A tool for smart sharing
GCN Lab review: TeamPage helps you manage and make good use of wikis and blogs
- By John Breeden II
- May 21, 2008
IT SEEMS EVERY organization wants to use blogs and wikis to help share, disseminate and even control information. But doing so efficiently is kind of like catching a train in rural India ' everyone is getting on board, but nobody knows for sure where it is going.
A poorly deployed blog or wiki can do your organization a lot more harm than good. Even at open federal agencies, releasing information willy-nilly is a recipe for disaster. But with careful planning and deployment, even the most secretive agencies can benefit from this relatively new technology.
TeamPage 4.0 is the latest release of Traction Software's core product, and it adds major improvements to the back end, where most of the work takes place. It's difficult to pigeonhole this software into a particular category. It can drive a blog or wiki, or it can be used as a content tool to update a Web site. The program's greatest strength is its ability to stretch to perform almost any content management task. A set of inherent rules and data associations that allow customization makes that possible. Traction Software can help set up the application for your agency, but the entire software development kit is open to customers, so if you have skilled programmers, almost anything goes.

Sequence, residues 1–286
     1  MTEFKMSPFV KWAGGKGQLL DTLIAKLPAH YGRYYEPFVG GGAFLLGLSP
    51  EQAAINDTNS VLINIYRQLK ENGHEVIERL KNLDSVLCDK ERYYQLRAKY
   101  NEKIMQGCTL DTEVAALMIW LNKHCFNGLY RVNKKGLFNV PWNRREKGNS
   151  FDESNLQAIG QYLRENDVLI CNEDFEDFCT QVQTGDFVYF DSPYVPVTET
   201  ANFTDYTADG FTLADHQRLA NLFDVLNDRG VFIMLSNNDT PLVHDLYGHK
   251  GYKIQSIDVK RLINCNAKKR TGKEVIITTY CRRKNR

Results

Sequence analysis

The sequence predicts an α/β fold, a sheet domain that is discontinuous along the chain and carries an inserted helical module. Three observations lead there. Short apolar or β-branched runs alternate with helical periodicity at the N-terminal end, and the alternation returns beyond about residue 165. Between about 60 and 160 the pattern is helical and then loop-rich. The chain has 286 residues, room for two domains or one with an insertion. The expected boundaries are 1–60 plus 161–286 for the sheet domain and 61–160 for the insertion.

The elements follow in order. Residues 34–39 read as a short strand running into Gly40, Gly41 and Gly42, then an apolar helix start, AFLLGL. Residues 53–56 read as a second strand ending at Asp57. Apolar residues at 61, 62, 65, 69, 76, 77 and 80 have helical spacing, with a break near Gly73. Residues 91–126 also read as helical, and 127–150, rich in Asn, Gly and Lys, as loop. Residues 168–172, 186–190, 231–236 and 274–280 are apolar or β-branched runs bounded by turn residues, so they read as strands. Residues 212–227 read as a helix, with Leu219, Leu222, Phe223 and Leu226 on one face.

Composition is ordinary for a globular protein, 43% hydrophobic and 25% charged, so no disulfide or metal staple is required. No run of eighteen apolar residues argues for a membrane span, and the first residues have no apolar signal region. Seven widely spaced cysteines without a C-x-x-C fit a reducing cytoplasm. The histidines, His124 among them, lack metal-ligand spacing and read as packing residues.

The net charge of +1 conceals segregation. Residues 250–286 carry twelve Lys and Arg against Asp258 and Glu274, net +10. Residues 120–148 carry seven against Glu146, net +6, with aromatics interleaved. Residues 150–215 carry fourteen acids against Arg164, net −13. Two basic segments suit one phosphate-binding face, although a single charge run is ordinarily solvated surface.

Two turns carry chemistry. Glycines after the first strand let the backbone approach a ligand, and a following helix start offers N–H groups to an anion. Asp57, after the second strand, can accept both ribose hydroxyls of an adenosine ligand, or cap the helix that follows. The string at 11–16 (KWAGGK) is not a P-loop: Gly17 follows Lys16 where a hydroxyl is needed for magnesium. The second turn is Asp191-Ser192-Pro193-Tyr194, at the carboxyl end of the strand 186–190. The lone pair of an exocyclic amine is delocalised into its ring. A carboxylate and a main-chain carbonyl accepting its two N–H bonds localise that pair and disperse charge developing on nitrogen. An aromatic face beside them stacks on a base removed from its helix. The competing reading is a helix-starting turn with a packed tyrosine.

The most basic level in our tests had TeamPage driving a public Web site. The software let administrators dynamically update the site live in the background while keeping those updates hidden from the public until they were fully ready.
When an article is added to a Web site backed by TeamPage, it is automatically posted. However, the permission settings can prevent a standard visitor from seeing it. When editors, or administrators, with the proper permissions log on to the system, they will see the article and can edit or change it. This draft editing mode is unique because it lets editors see how the article will look on the page ' it really is on the page, just invisible to most people. When approved, the article can automatically be made live or set to go live at a specific date and time.
A tightly defined set of permissions makes this possible. Because you can do almost anything with it, TeamPage 4.0 is a great tool even though agencies must customize it. You can allow or deny users the ability to post, read, publish or lock articles, and you can further define these permissions by groups.